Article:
French Polynesia: Will France’s Bill Bring Marriage Equality to the South Pacific?

Written by scott on January 31st, 2013

LuauIt looks like France’s marriage equality bill would have effects around the globe in the South Pacific, Gay Star News reports:

French Polynesia, containing around 130 islands including Tahiti, was officially colonized by France in the late nineteenth century. In 1946 Polynesians were granted French citizenship and the islands’ status was changed to overseas territory. In 1977 the islands were granted partial autonomy and in 2003 the territory’s status was changed to overseas collectivity, an administrative division similar to the regions of France. French law applies to overseas collectivities and French Polynesians can vote in France’s elections.

Think this will push New Zealand and Australia to finally start moving on marriage equality?

 

1 Comments so far ↓

  1. Morgan Hoover says:

    New Zealand is already well on its way to marriage equality. It passed by vote 2 of the 3 required readings in the NZ Parliament necessary to turn a bill into NZ national law.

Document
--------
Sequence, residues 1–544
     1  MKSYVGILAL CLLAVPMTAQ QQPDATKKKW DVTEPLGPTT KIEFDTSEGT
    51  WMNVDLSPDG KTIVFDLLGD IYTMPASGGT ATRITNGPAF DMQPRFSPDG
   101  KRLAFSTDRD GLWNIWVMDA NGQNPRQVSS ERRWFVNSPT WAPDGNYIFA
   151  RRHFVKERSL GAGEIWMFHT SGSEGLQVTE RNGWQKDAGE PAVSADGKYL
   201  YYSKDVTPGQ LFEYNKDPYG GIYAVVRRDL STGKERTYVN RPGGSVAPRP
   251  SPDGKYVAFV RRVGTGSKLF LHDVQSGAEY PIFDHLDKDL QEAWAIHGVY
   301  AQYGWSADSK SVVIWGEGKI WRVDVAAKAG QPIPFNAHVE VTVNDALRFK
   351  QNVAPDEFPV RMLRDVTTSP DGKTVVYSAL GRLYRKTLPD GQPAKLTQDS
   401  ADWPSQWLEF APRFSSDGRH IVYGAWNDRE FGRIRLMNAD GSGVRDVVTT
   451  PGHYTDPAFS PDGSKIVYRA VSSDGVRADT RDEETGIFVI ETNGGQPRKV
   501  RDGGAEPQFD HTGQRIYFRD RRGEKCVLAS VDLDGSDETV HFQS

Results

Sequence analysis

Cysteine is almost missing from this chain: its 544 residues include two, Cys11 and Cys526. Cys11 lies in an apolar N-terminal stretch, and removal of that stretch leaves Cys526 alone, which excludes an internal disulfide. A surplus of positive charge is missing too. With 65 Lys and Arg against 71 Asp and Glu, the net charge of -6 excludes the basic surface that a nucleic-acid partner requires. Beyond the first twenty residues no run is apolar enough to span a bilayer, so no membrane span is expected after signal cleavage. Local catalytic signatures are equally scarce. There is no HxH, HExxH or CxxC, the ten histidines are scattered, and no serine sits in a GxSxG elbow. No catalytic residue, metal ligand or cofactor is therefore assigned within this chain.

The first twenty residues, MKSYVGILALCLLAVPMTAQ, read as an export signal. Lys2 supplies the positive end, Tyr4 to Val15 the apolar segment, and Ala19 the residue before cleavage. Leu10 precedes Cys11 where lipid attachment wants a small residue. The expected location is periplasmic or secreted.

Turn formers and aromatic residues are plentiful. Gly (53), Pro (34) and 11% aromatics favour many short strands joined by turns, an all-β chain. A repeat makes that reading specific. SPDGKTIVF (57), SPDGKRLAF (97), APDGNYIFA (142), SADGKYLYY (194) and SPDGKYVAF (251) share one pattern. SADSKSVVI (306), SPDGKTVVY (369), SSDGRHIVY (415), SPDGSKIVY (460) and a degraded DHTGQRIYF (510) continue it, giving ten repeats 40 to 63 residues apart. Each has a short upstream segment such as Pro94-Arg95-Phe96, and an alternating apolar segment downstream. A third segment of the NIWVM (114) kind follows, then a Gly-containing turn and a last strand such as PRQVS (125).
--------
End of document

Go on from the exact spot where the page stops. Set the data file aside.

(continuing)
NZ marriage equality may be reality in April or in May depending on the outcome and the timing of the 3rd and final vote in NZ Parliament on NZ’s marriage equality bill.
    New Zealand appears to almost there in its marriage law. Australia is going to take a lot longer and its marriage laws appear to be a state by state affair whereas in New Zealand, they will be national and will be valid for the whole country. Not state by state piecemeal like in Australia and the USA. Marriage law in the USA is decided state by state.

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